A brief list of the ingredients commonly found
in some pet foods.
Food Additives, Antioxidants and Preservatives.
The following is a description of food additives/preservatives found
in pet food. They are not always named on the food. Sometimes the
label may say 'contains EU approved antioxidant' or 'contains EEC
It is very closely related to antifreeze. It is usually found in
semi-moist foods to maintain the water content and texture. It has
been suggested that it causes the destruction of red blood cells.
Some studies suggest that cats can become addicted to food that
Propyl Gallate (E310)
This is antioxidant used to prevent fats and oils going rancid.
It is found in chewing gum and meat products. It is banned from
children's foods in the US because it is thought to cause the blood
This is used as a preservative and is thought to be one of the compounds
most likely to cause damage to animal health. Ethoxyquin was developed
as a rubber stabiliser. The Department of Agriculture in America
lists it as a pesticide. It has been implicated as a cause of many
problems including cancer of the kidneys.
Butylated hydroxytoluene (BHT)
used as a preservative to stop fat going rancid. It has been implicated
as a cause of bladder and thyroid cancer and damage to the liver.
Butylated hydroxyanisole (BHA)
also used as a preservative to prevent fat rancidity. Has been implicated
as a cause of stomach cancer.
Feingold (1975) found that antioxidants BHA and
BHT contributed to learning difficulties and hyperactivity in humans.
In Dr. Pitcairn's (DVM, PhD) Complete Guide to Natural
Health for Dogs and Cats, he looks at some of the artificial colourings
in pet foods. He states that similar dyes where banned from human
foods in the 1970's. The example given is Red No.2 and Violet No.1,
which appeared to be linked to cancer, birth defects and skin lesions
The Asthma and Allergy Research Centre on the Isle
of Wight looked at the effects of food additives and colourings
and behaviour. In children significant changes in behaviour were
seen when the additives (E102, E110,E122, E124 and E211) were removed
from the diet for as little as 2 weeks. Does your pet food contain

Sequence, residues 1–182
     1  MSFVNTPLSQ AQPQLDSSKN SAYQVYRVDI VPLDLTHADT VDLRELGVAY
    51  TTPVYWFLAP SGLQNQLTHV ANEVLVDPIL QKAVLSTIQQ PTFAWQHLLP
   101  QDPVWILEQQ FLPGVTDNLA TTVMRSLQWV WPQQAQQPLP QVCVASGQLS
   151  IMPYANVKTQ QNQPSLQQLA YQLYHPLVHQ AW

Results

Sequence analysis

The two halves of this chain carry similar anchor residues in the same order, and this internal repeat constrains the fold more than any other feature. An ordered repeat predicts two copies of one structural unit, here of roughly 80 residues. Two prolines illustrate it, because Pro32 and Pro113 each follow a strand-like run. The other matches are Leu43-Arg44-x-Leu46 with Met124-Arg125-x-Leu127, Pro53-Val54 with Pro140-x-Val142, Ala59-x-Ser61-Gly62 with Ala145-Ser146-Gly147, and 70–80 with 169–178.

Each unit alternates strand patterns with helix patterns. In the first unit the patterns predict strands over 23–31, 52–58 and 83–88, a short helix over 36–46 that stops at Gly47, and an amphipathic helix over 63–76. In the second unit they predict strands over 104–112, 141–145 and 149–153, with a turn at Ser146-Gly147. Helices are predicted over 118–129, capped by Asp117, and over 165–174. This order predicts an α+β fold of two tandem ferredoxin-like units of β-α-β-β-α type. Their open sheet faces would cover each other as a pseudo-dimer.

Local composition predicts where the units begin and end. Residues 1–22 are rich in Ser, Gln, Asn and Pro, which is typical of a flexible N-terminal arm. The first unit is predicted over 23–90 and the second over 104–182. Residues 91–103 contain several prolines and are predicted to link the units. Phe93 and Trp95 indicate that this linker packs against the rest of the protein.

brightly coloured pieces?!
If your pet food states 'cereals' as a product, ask your self why?
Why do they not tell you which cereals? This can be because the
cereal content changes with the season depending on which is cheapest
at the time.
Brown rice, oats, barley as unprocessed whole grains
are high in nutrients and easily digested.
Wheat is much harder to digest than rice. Many dogs
seem to be intolerant to wheat gluten. Because of this many pet
foods are now wheat gluten free.
Again if your pet food states 'meat' or 'animal' on the label, you
have to ask why the company will not tell you which animal they
By-products or derivatives. Many people believe
that this includes beaks, feathers, hair and faeces, however, this
is not necessarily true. They can include: brain, spleen, lungs,
liver, blood and intestines. Poultry by-product may include feet
Chicken meal, Lamb meal etc. fresh clean meat which
has been cooked, dried and ground.
How much meat is in your pet food?
If the label says 'Beef' then 70-100% must be beef.
If the label says 'Beef Dinner' then 10-70% must be beef.
If the label says 'Beef Flavour' then 0-4% must be beef
If the label says 'with Beef or contains Beef' then there must be
at least 4% beef
If two or more main ingredients are stated e.g. 'Beef and Rice'
then they must be 10-70% of the food (and each one must be greater
(Burger and Thompson, 1994)
other vegetable proteins are difficult to digest.
Dairy products are hard to digest. Lactose is the
sugar present in milk. After weaning, dogs and cats have decreasing
amounts of lactase (the enzyme needed to digest lactose). Therefore,
ingestion of dairy products may cause diarrhoea and/or flatulence
as the body has difficulty breaking down the dairy product. Dogs
and cats should not be fed milk and cheese!
Sugars are sometimes added to cat foods as a flavour
enhancer. Sugar and sugar products are not good sources of nutrition
for cats, and can contribute to dental disease
Yoghurt is sometimes used for therapy of chronic
diarrhoea in the mistaken belief that the bacteria contained in
yoghurt (Lactobacillus acidophilius or Lactobacillus bulgaricus)
will colonise the bowel and displace unfavourable bacteria.
Yoghurt has bacteriocidal properties in vitro (test
tube) but not in vivo (in the body). Orally administered bacteria
in yoghurt does not displace resident or pathogenic bacterial populations
in normal or diseased intestines of any animal. The bacteria in
yoghurt are generally acid labile (destroyed by the stomach acid),
limiting the numbers surviving passage through the stomach. (Research
originally published in the Journal of Small Animal Practice Vol.
BSAVA Manual of Companion Animal Nutrition and Feeding,
First Edition, Edited by N.C. Kelly and J.M.Wills. Pub, BSAVA 1996.
Small Animal Clinical Nutrition, 4th Edition, By
Hand, Thatcher, Remillard and Roudebush. Pub, Mark Morris Institute
Dr. Pitcairn's Complete Guide to Natural Health
for Dogs and Cats, By Richard H. Pitcairn, DVM PhD, Susan Hubble
Pitcairn MS. Pub, Rodale Press, Inc. 1995.
Common pet health problems
John Burns Pet Health Management